The Most Famous Act of Social Distancing

Social distancing is defined by the CDC as “methods for lowering frequency and closeness of contact between persons in order to lessen the risk of disease transmission.” The World Health Organization defined social distance as “maintaining at least an arm’s length distance from people, [and] reducing gatherings” during the 2009 swine flu epidemic.

The Centers for Disease Control and Prevention (CDC) described social distancing as “staying away from crowds and large gatherings” during the 2009 COVID-19 pandemic.

The Most Famous Act of Social Distancing

What is Social Distancing

Social distancing, also known as physical distancing, is a set of non-pharmaceutical interventions or measures used in public health to prevent the spread of a contagious disease by keeping people at a distance from one another and decreasing the frequency with which they come into close contact with one another. the most famous act of social distancing. 

It typically entails avoiding big gatherings of people and keeping a specific distance from them (the distance recommended varies from nation to country and can alter over time). Reducing the likelihood that an uninfected individual may come into touch with an infectious one can slow the spread of disease and save lives.

Good respiratory hygiene, face masks, and hand washing are only few examples of other precautions that can be taken alongside these.

‘Walden’ May be the Most Famous Act of Social Distancing. It’s Also a Lesson on the Importance of Community

A timid young man named Henry David Thoreau “went to the woods to live intentionally” in 1845. Along with some companions, he constructed a modest cottage close to Concord, Massachusetts’s Walden Pond using discarded planks from a nearby shack.

He lived there for over two years, “sucking out all the marrow of existence,” in an effort to overcome a spell of writer’s block. Some snarky teenager will inevitably point out that he did not spend his time alone during this period.

And yet, Thoreau’s experiment, written about in “Walden; or, Life in the Woods,” is the most well-known example of social isolation in the history of the world. Tens of millions of us have started something akin to Thoreau’s retreat since the coronavirus quarantine began in the United States last month, except with a better Internet connection.

The difficulty of keeping isolated will undoubtedly increase as the number of days, weeks, and months accumulates. That location was explored by Thoreau before we got there. He was well aware of the fact that it is possible to be happy all on one’s own, as well as to feel lonely amidst other people.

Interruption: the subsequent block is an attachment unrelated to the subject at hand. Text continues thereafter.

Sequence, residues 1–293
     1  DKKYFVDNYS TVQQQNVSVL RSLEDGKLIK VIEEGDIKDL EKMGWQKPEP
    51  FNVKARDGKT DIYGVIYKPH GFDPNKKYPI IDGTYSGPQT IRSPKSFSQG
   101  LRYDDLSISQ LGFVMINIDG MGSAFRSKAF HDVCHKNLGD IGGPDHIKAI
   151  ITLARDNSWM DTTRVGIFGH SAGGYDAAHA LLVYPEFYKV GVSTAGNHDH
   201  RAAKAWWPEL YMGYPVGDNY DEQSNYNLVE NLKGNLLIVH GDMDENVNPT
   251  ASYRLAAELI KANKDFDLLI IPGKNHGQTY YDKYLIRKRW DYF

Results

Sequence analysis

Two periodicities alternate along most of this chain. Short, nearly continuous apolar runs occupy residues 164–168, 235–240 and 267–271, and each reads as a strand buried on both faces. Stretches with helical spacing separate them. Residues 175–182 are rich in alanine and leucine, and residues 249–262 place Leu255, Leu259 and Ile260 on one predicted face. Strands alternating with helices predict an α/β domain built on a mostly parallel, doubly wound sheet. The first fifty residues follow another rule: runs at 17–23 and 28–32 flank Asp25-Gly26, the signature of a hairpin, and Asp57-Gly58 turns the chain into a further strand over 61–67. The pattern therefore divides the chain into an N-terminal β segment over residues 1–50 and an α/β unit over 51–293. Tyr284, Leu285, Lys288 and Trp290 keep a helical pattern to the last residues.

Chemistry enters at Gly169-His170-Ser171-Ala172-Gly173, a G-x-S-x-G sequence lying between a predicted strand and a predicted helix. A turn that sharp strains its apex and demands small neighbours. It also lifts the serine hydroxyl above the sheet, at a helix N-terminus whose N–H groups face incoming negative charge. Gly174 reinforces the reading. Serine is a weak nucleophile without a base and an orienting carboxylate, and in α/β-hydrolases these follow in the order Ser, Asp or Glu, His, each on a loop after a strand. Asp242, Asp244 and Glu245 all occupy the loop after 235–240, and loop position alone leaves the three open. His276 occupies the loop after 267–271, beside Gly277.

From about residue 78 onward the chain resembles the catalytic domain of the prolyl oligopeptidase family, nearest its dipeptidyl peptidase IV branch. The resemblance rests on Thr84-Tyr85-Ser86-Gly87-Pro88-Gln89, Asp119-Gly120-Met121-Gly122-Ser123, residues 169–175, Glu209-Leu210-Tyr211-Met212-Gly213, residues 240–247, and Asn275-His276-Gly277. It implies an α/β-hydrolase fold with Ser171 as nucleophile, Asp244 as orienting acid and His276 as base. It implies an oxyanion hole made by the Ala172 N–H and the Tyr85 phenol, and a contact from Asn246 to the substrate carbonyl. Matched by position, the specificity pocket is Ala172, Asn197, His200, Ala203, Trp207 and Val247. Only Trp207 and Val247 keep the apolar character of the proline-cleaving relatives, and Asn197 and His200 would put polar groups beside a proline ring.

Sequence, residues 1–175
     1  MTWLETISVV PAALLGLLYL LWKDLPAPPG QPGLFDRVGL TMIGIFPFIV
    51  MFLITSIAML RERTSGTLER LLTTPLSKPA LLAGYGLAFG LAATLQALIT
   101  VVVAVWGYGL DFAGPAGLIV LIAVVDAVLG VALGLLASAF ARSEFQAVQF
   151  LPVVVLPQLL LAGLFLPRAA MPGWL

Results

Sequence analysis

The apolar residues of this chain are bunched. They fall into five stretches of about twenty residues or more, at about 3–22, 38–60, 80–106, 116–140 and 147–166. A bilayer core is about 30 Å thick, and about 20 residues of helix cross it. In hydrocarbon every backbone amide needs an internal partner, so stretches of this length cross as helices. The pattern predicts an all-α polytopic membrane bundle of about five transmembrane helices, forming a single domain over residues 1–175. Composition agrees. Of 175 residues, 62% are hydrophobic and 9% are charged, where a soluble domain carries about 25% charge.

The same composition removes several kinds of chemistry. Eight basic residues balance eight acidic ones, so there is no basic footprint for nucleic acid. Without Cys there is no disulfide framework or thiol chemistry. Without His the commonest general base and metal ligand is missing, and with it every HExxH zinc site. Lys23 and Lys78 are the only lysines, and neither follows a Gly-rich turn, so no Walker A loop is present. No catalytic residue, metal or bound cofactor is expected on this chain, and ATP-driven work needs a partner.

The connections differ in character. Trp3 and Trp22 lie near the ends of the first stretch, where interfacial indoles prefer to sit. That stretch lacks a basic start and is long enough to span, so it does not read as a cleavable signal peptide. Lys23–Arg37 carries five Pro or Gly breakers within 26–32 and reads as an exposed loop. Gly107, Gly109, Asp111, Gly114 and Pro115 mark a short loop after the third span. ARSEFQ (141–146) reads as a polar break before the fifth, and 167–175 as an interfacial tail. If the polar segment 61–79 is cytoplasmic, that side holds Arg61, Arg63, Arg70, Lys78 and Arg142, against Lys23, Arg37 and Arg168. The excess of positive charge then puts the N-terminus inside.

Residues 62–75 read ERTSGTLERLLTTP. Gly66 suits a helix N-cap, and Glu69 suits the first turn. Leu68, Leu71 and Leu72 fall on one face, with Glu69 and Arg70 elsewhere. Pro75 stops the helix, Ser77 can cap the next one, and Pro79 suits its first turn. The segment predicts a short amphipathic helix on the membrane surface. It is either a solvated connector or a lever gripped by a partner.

What ‘Walden’ Can Tell us About Social Distancing and Focusing on Life’s Essentials

In an effort to stem the spread of the coronavirus, governors and mayors have ordered millions of citizens to stay inside. If you’re at a loss for what to read next, there are countless recommendations online for works dealing with isolation, famine, and other catastrophic events. But, a book that deals with both of these topics is surprisingly hard to come by.

Being the author of three volumes on the life of writer, poet, and philosopher Henry David Thoreau, I can confidently claim that “Walden,” Thoreau’s 1854 description of his time spent living “alone” in the woods near Concord, Massachusetts, is a must-read. To clarify, Thoreau wasn’t as lonely at Walden as he was in town.

He regularly entertained passers-by with social theater performances that involved hoeing a bean field. The philosophical book on self-reliance and a pivotal text in the American literary canon, “Walden” has been published in over a thousand editions and translated into dozens of languages, making it the spiritual forerunner of the modern environmental movement.

The New Untouchability Act: Social distancing, Madi and Aacharam in the Time of Coronavirus

More than a thousand people perished in three separate fires at a theater, a nightclub, and a school in the United States almost a century ago, prompting stricter building rules throughout the country.

Lawmakers passed regulations to reduce fire risk and casualties, such as prohibiting the use of combustible materials in theaters, enforcing seating capacity, requiring buildings to have designated egress doors and windows, and requiring exit signs to be visible at all times (even when there is no electricity).

One of the easiest modifications was to mandate outward-swinging exit doors in all public buildings across the United States. Revolving doors are now required to have at least one conventional, outward-swinging door on either side of them, per new regulations. These codes are in use now all throughout the globe.


The phrase “social distance” was coined in response to the Covid 19 pandemic when it became apparent that isolation was one of the few effective ways to prevent the transmission of the virus. What broader ramifications this could have for a civilization where social separation had been practiced for over two millennia was a mystery to commentators at the time.

It was not illogical to assume that this new practice would have repercussions for Indian society, particularly because Untouchability is the defining characteristic of Caste.

Leave a Reply